On second attempts, Parrot went all-in with a quick-spinning Cab triple 1800 Indy that would have taken the top spot but ended up overrating upon landing. When it all came down to the last run, Parrot pulled a perfect Cab triple 1620 Indy for 88.75 points, which brought his final score to 178.25 points. Finishing a single point behind McMorris, Parrot wrapped his performance in the 2021 FIS World Championships with a silver medal.
Before the pandemic hit, Parrot claimed Big Air silver and Slopestyle gold at X Games Norway in March 2020. Considered one of the most technically advanced freestyle snowboarders, the eight-time X Games champion previously earned Slopestyle silver for Canada at the 2018 Winter Olympics in PyeongChang. After a battle with Hodgkin Lymphoma cancer, Parrot made an emotional return to competition by winning Big Air gold at X Games Norway 2019.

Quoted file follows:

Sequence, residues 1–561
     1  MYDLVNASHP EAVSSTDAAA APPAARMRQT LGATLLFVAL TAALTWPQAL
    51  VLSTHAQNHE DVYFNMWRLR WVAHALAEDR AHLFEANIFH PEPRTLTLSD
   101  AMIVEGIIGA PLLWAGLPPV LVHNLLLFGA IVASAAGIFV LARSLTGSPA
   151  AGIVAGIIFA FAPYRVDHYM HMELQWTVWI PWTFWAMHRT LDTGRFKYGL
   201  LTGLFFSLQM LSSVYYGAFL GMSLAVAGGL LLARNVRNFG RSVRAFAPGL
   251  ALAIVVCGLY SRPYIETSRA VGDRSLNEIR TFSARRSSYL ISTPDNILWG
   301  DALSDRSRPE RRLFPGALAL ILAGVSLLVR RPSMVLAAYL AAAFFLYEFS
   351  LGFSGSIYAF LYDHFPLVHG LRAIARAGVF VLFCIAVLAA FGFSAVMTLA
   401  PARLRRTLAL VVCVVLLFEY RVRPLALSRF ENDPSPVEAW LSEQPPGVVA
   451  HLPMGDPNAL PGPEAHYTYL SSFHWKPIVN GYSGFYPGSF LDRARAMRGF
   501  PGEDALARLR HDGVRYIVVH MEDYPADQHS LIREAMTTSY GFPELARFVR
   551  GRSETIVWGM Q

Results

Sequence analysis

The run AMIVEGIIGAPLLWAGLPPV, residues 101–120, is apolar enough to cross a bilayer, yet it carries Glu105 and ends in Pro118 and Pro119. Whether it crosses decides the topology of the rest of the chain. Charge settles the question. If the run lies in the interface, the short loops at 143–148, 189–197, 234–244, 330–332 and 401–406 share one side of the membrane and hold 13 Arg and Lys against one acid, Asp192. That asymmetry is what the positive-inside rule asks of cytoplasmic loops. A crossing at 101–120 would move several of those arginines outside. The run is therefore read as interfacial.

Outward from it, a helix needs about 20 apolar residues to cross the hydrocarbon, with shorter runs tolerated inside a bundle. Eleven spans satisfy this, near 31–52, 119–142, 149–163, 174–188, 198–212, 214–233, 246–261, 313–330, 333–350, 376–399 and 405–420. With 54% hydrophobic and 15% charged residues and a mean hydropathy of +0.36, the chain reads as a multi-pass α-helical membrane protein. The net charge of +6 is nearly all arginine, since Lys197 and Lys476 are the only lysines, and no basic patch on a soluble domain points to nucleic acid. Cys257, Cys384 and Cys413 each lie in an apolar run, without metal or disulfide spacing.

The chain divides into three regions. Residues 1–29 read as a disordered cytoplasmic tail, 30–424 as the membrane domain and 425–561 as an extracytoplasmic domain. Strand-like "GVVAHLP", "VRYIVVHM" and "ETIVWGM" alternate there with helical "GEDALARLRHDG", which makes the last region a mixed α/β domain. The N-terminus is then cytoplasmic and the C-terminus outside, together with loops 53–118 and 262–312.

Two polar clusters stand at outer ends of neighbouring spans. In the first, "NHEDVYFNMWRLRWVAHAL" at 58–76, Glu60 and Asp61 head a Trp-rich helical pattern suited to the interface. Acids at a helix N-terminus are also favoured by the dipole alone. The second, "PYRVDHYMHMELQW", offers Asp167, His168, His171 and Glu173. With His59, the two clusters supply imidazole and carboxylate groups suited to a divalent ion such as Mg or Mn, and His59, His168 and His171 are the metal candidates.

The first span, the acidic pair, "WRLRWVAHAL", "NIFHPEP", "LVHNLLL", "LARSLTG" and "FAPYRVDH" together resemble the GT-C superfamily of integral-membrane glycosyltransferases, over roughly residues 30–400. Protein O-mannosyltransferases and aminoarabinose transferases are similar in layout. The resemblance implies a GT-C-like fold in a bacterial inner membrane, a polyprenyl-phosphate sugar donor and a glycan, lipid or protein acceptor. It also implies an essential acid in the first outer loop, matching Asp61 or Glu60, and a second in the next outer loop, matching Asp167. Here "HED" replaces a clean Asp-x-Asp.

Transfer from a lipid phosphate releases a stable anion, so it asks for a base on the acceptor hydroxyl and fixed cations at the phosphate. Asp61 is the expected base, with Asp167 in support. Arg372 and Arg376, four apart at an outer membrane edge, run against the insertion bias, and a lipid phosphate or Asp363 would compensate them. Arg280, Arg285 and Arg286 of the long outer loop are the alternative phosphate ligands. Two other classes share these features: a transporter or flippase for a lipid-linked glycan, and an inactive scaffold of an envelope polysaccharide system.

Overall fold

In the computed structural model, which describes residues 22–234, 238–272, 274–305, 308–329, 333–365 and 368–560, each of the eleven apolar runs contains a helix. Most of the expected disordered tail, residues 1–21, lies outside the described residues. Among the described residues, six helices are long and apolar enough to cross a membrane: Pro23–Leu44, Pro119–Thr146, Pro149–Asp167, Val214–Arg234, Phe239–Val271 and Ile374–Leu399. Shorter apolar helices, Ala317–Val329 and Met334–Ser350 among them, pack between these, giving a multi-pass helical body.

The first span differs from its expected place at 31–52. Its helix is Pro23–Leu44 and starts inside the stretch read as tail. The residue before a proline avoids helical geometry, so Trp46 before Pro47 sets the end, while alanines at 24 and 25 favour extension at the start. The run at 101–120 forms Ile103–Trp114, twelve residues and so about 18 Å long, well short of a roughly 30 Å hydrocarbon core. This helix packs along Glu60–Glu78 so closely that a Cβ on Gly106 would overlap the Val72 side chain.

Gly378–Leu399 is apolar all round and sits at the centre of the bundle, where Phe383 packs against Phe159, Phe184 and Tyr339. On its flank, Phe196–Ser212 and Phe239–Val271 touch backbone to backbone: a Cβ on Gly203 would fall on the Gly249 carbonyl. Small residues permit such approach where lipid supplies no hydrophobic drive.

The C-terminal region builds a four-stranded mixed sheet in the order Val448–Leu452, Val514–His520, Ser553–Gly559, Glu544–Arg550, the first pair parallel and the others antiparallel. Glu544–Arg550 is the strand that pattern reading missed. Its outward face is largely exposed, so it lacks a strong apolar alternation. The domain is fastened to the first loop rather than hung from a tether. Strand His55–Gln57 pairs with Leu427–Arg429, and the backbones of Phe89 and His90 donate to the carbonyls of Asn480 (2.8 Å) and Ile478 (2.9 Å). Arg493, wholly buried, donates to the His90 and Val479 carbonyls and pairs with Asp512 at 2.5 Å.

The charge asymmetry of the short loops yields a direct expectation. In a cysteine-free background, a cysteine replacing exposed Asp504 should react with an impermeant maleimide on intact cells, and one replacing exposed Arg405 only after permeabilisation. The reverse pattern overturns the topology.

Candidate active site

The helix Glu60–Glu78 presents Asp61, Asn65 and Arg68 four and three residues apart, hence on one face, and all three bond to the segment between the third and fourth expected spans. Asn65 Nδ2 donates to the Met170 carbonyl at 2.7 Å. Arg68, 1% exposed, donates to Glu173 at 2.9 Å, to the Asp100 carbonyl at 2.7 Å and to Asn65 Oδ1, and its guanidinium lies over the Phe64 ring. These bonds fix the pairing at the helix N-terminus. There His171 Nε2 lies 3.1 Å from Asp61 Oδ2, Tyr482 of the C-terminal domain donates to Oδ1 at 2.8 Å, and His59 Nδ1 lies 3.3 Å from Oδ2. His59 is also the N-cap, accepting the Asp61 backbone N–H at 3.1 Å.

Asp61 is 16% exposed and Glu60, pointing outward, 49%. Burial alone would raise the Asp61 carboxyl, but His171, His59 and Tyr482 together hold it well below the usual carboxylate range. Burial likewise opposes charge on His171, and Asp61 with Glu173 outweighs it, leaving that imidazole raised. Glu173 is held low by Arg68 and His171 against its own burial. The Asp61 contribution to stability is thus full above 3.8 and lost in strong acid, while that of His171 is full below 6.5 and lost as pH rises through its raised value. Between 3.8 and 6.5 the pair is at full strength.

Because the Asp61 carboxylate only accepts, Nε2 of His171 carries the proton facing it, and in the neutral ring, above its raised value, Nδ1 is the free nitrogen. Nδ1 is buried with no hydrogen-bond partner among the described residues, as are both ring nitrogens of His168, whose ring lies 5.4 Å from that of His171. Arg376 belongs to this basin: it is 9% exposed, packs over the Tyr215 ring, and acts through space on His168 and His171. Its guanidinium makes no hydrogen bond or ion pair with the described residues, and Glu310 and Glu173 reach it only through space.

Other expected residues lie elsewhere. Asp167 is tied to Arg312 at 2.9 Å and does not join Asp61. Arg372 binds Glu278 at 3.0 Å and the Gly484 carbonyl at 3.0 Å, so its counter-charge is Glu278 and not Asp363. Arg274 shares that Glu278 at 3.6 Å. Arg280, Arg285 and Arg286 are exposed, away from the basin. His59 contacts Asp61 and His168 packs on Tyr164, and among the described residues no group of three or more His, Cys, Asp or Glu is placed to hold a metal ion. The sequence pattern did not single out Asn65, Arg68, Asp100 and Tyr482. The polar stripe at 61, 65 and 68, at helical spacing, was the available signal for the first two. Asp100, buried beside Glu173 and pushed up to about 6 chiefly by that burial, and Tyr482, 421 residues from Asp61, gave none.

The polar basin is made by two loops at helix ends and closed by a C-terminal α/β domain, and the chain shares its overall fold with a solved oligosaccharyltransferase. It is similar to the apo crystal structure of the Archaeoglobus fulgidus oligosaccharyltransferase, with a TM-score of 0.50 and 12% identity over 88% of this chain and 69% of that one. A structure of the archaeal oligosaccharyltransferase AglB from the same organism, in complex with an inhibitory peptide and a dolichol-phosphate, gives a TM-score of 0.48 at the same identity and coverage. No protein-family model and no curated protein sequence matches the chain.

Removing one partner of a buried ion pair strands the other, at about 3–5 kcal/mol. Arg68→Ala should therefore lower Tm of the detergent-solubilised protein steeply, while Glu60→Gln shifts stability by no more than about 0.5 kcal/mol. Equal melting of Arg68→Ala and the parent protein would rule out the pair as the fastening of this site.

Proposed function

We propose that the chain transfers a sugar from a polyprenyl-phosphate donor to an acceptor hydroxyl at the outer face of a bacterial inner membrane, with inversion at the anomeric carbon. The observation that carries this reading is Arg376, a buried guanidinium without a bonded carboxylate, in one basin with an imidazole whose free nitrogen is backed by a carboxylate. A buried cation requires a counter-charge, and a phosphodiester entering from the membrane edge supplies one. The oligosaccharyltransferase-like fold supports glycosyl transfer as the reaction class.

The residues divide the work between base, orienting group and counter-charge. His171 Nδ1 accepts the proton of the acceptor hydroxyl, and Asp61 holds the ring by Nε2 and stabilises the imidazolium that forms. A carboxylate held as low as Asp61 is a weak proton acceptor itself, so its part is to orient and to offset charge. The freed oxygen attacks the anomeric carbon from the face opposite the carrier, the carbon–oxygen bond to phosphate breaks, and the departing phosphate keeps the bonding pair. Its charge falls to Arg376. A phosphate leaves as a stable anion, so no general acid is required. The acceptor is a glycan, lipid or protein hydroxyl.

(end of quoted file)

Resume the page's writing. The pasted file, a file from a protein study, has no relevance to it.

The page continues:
Also make sure to watch out for the Monster Energy team this coming weekend at the Land Rover U.S. Grand Prix from March 18-21 in Aspen Snowmass.
Once again congratulations to all Monster Energy riders on a strong performance at the 2021 FIS Snowboard World Championships in Aspen!
About Monster Energy
Based in Corona, California, Monster Energy is the leading marketer of energy drinks and alternative beverages. Refusing to acknowledge the traditional, Monster Energy supports the scene and sport. Whether motocross, off-road, NASCAR, MMA, BMX, surf, snowboard, ski, skateboard, or the rock and roll lifestyle, Monster Energy is a brand that believes in authenticity and the core of what its sports, athletes and musicians represent. More than a drink, it’s the way of life lived by athletes, sports, bands, believers and fans. See more about Monster Energy including all of its drinks at http://www.monsterenergy.com.
Kimberly Paige Dresser, Indie Agency, Inc., (949) 300-5546, [email protected]
SOURCE Monster Energy